Practically speaking, this means that given the following situation:

L – lane
P – program
         L1 L2 L3 L4
t0 P1    X X
t1 P2    X
t2 P3         X X
t3 P4    X X
t0 < t1 < t2 < t3

MultiLaneLocker guarantees that:
– P1 – P2 – P4 will run one at a time
– P3 – P4 will run one at a time
but it makes no guarantees about the order in which they run.

This solution is just a subset of the first solution:

Conclusions

When it comes to solving real world tricky concurrency problems, there is no doubt Kotlin + Spring Reactor + Arrow allows you to build asynchronous and functional solutions.

Yet it is also clear from this example that the Scala + ZIO solution is way simpler and was written faster. The Scala + ZIO solution is easier to test, easier to compose, and easier to understand, and can be quickly tweaked to generate new variations for changing requirements.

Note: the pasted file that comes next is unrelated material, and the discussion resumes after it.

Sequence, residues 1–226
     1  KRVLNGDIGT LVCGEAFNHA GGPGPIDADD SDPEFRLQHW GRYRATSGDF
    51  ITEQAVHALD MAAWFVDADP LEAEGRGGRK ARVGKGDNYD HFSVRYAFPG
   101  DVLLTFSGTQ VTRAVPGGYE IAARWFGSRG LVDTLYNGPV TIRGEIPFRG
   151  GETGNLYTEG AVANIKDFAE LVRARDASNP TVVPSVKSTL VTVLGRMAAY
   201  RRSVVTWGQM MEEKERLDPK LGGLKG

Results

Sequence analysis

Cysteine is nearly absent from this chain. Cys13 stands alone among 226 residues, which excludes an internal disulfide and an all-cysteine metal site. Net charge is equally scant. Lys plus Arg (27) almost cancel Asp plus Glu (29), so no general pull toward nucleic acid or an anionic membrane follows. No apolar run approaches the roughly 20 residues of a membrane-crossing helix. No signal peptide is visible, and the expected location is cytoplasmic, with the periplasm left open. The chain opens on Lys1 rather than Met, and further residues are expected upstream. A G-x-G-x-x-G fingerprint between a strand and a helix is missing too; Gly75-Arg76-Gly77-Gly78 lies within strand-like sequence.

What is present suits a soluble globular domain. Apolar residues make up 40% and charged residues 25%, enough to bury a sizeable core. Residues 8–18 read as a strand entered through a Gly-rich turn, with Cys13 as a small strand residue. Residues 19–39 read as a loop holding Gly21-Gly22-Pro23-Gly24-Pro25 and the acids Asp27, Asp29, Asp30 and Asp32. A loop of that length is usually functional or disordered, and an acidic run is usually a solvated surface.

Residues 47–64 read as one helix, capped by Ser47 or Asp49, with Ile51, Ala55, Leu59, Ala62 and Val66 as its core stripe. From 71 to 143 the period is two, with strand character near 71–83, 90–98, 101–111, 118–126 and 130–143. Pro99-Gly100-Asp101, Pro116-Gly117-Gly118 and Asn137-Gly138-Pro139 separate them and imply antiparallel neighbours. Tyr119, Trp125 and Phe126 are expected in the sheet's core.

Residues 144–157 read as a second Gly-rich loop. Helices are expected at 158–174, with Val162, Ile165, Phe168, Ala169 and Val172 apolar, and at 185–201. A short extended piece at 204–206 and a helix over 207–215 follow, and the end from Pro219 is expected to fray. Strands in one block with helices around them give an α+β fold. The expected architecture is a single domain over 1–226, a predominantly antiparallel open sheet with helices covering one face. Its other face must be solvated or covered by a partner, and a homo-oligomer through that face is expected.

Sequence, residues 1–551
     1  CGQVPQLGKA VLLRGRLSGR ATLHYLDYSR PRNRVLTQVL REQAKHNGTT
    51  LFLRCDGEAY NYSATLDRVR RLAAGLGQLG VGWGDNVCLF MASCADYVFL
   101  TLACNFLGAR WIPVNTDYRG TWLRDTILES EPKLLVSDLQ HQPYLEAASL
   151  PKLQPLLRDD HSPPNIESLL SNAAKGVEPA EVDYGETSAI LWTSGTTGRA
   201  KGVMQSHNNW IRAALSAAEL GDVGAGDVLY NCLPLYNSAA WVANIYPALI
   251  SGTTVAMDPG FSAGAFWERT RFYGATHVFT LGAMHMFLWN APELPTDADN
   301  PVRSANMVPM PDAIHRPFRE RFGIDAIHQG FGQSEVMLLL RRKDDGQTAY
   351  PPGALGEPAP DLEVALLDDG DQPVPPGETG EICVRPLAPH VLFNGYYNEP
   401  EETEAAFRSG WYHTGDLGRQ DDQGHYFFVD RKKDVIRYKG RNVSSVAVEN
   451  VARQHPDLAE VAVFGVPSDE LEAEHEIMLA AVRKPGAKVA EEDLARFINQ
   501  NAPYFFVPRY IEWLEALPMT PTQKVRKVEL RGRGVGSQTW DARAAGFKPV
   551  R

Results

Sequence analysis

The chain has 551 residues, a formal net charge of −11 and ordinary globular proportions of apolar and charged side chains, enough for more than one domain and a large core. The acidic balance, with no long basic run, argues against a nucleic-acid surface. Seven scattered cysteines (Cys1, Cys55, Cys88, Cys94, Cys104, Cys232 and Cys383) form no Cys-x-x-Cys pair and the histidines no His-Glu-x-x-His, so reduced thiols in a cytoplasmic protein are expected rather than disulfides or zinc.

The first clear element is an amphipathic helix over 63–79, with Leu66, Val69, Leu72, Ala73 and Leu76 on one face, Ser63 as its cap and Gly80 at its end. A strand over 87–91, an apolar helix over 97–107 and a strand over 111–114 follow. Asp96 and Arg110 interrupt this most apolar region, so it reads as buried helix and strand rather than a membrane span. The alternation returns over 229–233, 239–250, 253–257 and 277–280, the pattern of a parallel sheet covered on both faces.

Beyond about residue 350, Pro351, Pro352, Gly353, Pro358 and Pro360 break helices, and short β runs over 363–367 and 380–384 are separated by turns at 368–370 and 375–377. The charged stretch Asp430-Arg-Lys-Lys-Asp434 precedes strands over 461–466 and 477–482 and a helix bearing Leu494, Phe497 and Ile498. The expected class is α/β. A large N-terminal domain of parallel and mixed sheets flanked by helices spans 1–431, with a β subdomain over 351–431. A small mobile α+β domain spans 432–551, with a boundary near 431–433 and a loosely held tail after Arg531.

Next time I need to solve a tricky problem, I’ll reach for Scala + ZIO, because the cost of solving these problems is much lower. I recommend any readers who have concurrency challenges on the JVM to check out ZIO STM before using what you already know.

You can find the code & tests for both Scala and Kotlin solutions on my GitHub:

Thanks John De Goes and  Adam Fraser for greatly accelerating my understanding of  ZIO STM and ZIO Test.

You can also find me on: